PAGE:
Roy Siefert pilots his Chevrolet Blazer over the snow-caked roads of the Tioga State Forest. It's midwinter, and a blanket of snow and cold hangs over this wooded tract in northern Pennsylvania. But in the midst of the maples, ash, and pines is a hub of activity.
Siefert, District Forester for the 165,000-acre Tioga Forest, is checking on a network of pipelines, compressor stations, and gas wells that has transformed a portion of the woodlot into an industrial site. "This is just like a little city," he says.
Exploration of the Marcellus Shale Formation, the nation's largest reserve of natural gas, is transforming the landscape of Pennsylvania. And the venerable Penn's Woods are not immune to development.
So far, 700,000 acres of state forest land are under lease to natural gas companies. Estimates suggest that as many as 12,000 wells will be drilled on state forests over the next 20 years.
The Marcellus Shale Formation runs underneath most of the Keystone State, and so far energy companies have concentrated their activities mostly in the state's northern tier. Industry experts predict that drilling will last for more than 50 years. And along with development on private lands, state-owned property is already seeing its fair share of drilling.
Tioga State Forest has 45,000 acres under lease for gas development, the highest concentration of gas drilling among state forests--so far. For example, in a tract of the Tioga near the college town of Mansfield, the industrial development takes up 185 acres of land. All of this development has brought with it an industrial infrastructure for long-term gas development. There is little question that the state forest system, like much of Pennsylvania, is at a crossroads.
"Some changes will be permanent and some will be negative," says John Quigley, the former Secretary of the Pennsylvania Department of Conservation and Natural Resources (DCNR). "How will we strike a balance? Can we preserve the public lands?"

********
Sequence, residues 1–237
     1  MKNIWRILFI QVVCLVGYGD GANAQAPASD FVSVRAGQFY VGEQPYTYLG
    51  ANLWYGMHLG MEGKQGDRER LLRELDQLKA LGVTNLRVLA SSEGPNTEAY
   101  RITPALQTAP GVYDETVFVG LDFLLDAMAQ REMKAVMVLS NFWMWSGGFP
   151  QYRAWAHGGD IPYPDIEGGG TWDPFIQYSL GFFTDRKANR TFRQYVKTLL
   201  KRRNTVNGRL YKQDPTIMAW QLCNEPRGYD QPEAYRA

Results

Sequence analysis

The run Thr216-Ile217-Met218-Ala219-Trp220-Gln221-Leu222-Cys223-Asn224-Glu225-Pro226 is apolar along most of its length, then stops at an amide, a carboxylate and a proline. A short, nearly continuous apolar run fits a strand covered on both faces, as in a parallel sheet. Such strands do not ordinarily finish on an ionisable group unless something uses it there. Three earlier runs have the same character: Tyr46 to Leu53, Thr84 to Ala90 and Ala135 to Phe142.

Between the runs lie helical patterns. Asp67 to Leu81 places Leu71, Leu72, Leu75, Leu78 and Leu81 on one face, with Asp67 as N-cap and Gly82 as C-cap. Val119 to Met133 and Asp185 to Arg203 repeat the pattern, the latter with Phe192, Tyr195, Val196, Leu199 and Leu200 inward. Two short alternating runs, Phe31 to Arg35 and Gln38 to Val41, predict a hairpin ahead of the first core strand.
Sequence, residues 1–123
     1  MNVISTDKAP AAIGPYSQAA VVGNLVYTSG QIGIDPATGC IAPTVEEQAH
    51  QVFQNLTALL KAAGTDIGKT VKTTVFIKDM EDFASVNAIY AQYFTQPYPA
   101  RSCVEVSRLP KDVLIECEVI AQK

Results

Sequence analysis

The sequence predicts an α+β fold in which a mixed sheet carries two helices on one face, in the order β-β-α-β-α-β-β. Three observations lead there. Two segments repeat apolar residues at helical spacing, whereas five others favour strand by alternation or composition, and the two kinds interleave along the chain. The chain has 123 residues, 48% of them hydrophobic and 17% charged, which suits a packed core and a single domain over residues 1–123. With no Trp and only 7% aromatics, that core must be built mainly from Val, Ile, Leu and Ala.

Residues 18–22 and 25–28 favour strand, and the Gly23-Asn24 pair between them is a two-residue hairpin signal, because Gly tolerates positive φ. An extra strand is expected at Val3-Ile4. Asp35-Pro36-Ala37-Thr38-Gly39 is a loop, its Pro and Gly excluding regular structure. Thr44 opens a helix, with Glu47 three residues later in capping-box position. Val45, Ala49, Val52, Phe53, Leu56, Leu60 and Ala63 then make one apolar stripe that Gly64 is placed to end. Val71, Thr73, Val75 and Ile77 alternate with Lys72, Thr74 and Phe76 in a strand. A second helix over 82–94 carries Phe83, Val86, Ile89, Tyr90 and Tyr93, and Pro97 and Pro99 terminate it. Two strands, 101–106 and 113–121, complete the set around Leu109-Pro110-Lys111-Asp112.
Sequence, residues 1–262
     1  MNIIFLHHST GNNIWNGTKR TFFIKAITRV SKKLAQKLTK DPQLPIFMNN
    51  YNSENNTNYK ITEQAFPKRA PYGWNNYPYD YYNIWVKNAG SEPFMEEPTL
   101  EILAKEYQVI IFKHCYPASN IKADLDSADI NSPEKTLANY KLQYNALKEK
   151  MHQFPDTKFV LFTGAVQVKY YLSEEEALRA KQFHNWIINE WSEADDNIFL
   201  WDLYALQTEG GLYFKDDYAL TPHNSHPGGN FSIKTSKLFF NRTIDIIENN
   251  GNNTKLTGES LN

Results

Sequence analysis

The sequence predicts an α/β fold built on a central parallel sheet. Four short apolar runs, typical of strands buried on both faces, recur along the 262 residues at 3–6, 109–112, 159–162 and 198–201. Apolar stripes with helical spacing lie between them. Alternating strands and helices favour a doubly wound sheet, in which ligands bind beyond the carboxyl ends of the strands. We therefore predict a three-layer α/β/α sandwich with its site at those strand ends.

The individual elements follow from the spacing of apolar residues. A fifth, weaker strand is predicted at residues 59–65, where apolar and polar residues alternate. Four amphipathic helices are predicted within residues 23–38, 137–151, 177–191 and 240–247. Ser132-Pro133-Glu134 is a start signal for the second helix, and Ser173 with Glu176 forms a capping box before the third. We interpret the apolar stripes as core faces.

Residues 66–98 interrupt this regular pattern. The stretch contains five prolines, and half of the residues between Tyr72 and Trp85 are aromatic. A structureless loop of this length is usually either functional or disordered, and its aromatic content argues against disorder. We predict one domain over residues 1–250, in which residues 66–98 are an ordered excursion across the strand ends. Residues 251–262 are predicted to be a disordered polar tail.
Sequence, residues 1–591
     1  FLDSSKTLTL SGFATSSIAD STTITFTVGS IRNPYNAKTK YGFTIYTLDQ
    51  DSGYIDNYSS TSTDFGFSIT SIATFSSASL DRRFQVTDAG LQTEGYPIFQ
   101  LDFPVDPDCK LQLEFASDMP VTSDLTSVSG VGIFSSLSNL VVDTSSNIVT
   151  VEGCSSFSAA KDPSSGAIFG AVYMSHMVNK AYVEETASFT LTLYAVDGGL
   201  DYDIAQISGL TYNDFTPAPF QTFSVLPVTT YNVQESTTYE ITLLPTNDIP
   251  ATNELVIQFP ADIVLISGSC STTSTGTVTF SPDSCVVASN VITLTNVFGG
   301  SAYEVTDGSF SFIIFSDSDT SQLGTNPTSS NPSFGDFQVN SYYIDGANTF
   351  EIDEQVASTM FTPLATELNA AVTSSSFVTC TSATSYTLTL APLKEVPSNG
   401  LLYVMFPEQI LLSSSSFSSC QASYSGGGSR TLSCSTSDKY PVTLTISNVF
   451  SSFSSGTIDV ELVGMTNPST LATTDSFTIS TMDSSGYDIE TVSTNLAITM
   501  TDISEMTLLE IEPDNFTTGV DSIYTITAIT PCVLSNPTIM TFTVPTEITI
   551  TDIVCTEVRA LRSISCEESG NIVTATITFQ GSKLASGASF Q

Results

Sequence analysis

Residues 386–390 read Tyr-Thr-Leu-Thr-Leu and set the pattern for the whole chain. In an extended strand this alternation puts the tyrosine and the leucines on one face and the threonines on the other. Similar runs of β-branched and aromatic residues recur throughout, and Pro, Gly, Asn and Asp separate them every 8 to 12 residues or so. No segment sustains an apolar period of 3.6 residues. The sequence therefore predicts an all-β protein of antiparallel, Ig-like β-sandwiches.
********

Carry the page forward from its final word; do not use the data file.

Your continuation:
In 2008 Pennsylvania used leases of state forest lands to close a budget gap. Those leases represent the majority of gas exploration currently underway. And it has fundamentally changed how Tioga's staffers are working, Siefert says. About half of his job duties are now related to Marcellus shale. "It's really a big juggling job," he says.
Most of the development in the Tioga woods is occurring on land that was once a strip mine. That factor has allowed the forest agency to minimize the need to take away virgin forest in favor of gas infrastructure. However, there is a decidedly industrial feel to the gas lands. Two drilling rigs tower over the woods, and tanker trucks hauling water to drill sites run at a constant pace over the dirt roads.
Even after the rigs are gone, 10-foot-high well heads will remain, along with looming storage towers. A compressor station, housing eight 4,000-horsepower engines, hums constantly. "This is an industrial facility," Siefert says.
Over the next year, gas exploration will enter a second phase in another portion of the Tioga Forest. This new exploration will occur south of the Pennsylvania Grand Canyon, an 800-foot-deep canyon cut by glaciers during an ice age. The area, the most heavily used portion of the forest, is rich in recreation opportunities. Roads there are groomed for snowmobiling, and there are endless cross-country ski opportunities. The 62-mile-long Pine Creek Rail Trail, a popular hiking and mountain-bike destination, cuts through some of the most scenic portions of the woods.
"It's our highest recreation use area and one of our most scenic viewsheds," Siefert remarks.
In the heart of the woods, gas companies are clearing a roadway to access well sites that will be drilled in coming years. Though not visible from any highways, the drill sites and roads will become part of the scenery that hikers and snow-mobilers see while venturing" deep into the woods. …